William Shakespeare

(26 April 1564 - 23 April 1616 / Warwickshire)

William Shakespeare Quotes

  • ''Who are the violets now
    That strew the green lap of the new-come spring?''
    William Shakespeare (1564-1616), British dramatist, poet. Duchess of York, in Richard II, act 5, sc. 2, l. 46-7. Asking her son Aumerle to tell her who is in favor with the new King Henry IV.
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  • ''Now he weighs time
    Even to the utmost grain.''
    William Shakespeare (1564-1616), British dramatist, poet. Exeter, in Henry V, act 2, sc. 4, l. 137-8. Recalling how as Prince Hal, Henry wasted time; a grain is the smallest unit of weight.
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  • ''Feste. The better for my foes and the worse for my friends.
    Orsino. Just the contrary: the better for thy friends.
    Feste. No, sir, the worse.
    Orsino. How can that be?
    Feste. ...They praise me, and make an ass of me. Now my foes tell me plainly I am an ass; so that by my foes, sir, I profit in the knowledge of myself, and by my friends I am abused.''
    William Shakespeare (1564-1616), British dramatist, poet. Feste and Orsino, in Twelfth Night, act 5, sc. 1, l. 12-20. Feste's friends flatter him, so that he is deceived and badly treated ("abused").
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  • ''Murder most foul, as in the best it is,
    But this most foul, strange, and unnatural.''
    William Shakespeare (1564-1616), British dramatist, poet. Ghost, in Hamlet, act 1, sc. 5, l. 27-8 (1604). The ghost claims the "foul" murderer was his brother.
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  • ''See what a grace was seated on this brow:
    Hyperion's curls, the front of Jove himself,
    An eye like Mars, to threaten and command.''
    William Shakespeare (1564-1616), British dramatist, poet. Hamlet, in Hamlet, act 3, sc. 4, l. 55-7. To Gertrude, seeing his father in a picture as like Hyperion, the ancient Greek sun-god, for beauty; having a forehead (front) like Jupiter; and an eye like the god of war.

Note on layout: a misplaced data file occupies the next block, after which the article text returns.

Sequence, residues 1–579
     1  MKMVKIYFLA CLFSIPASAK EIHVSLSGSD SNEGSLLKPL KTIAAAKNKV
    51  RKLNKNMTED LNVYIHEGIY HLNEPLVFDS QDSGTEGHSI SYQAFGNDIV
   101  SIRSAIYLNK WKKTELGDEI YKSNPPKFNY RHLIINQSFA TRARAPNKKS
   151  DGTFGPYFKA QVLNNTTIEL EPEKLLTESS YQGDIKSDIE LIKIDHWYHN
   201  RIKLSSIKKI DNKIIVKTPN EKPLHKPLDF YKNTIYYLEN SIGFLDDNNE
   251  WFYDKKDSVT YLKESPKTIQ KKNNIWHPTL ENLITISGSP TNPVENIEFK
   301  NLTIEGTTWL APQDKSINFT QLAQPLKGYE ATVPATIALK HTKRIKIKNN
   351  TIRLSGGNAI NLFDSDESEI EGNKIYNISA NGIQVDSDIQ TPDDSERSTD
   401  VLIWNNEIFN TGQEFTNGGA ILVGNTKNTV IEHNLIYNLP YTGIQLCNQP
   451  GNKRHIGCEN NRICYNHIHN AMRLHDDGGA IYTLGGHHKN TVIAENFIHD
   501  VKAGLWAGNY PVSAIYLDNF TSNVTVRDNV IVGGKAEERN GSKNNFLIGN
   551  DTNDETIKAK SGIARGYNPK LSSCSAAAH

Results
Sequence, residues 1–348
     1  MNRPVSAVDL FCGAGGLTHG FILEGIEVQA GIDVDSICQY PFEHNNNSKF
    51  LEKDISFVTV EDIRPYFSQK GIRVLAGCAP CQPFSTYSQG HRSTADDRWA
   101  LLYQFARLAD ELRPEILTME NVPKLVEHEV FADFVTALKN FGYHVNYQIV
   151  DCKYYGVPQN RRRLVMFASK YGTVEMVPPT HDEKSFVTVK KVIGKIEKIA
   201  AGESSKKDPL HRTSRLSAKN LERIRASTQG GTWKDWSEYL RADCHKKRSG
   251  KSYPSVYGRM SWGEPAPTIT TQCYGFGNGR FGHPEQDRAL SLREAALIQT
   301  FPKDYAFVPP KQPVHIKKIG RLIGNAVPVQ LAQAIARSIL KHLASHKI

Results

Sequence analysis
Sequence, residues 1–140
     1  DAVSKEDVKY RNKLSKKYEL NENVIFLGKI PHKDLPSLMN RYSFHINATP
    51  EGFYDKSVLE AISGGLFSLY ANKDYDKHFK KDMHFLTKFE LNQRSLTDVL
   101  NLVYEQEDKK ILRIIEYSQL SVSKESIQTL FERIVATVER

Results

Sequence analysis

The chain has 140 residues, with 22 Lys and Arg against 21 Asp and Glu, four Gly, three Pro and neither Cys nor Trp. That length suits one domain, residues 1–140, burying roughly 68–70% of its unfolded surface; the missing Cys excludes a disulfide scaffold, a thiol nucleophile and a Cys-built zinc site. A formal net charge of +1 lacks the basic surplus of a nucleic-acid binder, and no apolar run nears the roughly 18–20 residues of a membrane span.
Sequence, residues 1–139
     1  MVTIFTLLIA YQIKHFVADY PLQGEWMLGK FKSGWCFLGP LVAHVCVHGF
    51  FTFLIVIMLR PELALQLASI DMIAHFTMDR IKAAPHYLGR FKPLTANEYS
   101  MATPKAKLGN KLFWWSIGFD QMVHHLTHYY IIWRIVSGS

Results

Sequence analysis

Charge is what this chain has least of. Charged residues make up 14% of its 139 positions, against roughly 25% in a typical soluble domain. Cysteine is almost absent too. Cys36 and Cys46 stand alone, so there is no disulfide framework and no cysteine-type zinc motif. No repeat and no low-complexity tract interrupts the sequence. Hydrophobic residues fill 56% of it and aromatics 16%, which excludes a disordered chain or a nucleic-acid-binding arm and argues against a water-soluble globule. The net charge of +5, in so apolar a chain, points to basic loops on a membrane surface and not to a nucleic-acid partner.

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  • ''Rightly to be great
    Is not to stir without great argument,
    But greatly to find quarrel in a straw
    When honor's at the stake.''
    William Shakespeare (1564-1616), British dramatist, poet. Hamlet, in Hamlet, act 4, sc. 4, l. 53-6. True greatness consists not in fighting for any trivial cause, unless honor is involved, when it is noble to act.
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  • ''I had rather be a kitten and cry mew
    Than one of these same metre ballad-mongers.''
    William Shakespeare (1564-1616), British dramatist, poet. Hotspur, in Henry IV, Part 1, act 3, sc. 1, l. 127-8. Expressing in verse his scorn for it.
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  • ''Yes, I do think that you might pardon him,
    And neither heaven nor man grieve at the mercy.''
    William Shakespeare (1564-1616), British dramatist, poet. Isabella, in Measure for Measure, act 2, sc. 2, l. 49-50. Pleading for the life of her brother, who is condemned to death.
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  • ''At your return visit our house; let our old acquaintance be renewed.''
    William Shakespeare (1564-1616), British dramatist, poet. Justice Shallow, in Henry IV, Part 2, act 3, sc. 2, l. 294. Inviting Falstaff to return.
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  • ''I think the King is but a man, as I am. The violet smells to
    him as it doth to me.''
    William Shakespeare (1564-1616), British dramatist, poet. King Henry, in Henry V, act 4, sc. 1, l. 101-2. Henry is in disguise, speaking with common soldiers.
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Best Poem of William Shakespeare

Fear No More

Fear no more the heat o' the sun;
Nor the furious winter's rages,
Thou thy worldly task hast done,
Home art gone, and ta'en thy wages;
Golden lads and girls all must,
As chimney sweepers come to dust.

Fear no more the frown of the great,
Thou art past the tyrant's stroke:
Care no more to clothe and eat;
To thee the reed is as the oak:
The sceptre, learning, physic, must
All follow this, and come to dust.

Fear no more the lightning-flash,
Nor the all-dread thunder-stone;
Fear not slander, censure rash;
Thou hast finished joy ...

Read the full of Fear No More

Sonnet Cviii

What's in the brain that ink may character
Which hath not figured to thee my true spirit?
What's new to speak, what new to register,
That may express my love or thy dear merit?
Nothing, sweet boy; but yet, like prayers divine,
I must, each day say o'er the very same,
Counting no old thing old, thou mine, I thine,
Even as when first I hallow'd thy fair name.
So that eternal love in love's fresh case